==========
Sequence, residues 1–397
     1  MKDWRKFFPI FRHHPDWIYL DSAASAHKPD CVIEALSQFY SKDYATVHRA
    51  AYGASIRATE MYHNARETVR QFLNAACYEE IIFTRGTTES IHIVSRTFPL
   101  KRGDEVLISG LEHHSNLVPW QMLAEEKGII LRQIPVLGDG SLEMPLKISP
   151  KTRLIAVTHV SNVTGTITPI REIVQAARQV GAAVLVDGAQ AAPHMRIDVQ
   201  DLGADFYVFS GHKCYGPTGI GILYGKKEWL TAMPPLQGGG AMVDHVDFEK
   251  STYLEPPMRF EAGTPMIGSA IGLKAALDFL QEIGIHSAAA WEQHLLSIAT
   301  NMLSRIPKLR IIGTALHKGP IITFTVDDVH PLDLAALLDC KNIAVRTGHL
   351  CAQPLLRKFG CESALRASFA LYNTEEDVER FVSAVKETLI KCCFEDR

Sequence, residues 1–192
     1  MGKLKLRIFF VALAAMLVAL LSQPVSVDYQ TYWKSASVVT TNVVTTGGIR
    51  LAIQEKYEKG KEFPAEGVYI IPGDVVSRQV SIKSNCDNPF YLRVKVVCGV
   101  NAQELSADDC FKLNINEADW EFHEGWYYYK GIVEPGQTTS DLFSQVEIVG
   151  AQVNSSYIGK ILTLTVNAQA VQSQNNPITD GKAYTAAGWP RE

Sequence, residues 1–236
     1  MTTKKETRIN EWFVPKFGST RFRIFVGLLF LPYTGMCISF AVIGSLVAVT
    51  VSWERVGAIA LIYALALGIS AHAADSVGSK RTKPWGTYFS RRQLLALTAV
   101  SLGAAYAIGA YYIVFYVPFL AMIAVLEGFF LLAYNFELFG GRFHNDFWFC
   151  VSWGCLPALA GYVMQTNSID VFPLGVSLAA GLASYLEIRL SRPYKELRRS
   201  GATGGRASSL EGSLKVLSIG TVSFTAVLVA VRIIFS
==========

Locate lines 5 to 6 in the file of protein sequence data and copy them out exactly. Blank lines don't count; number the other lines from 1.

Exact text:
   151  KTRLIAVTHV SNVTGTITPI REIVQAARQV GAAVLVDGAQ AAPHMRIDVQ
   201  DLGADFYVFS GHKCYGPTGI GILYGKKEWL TAMPPLQGGG AMVDHVDFEK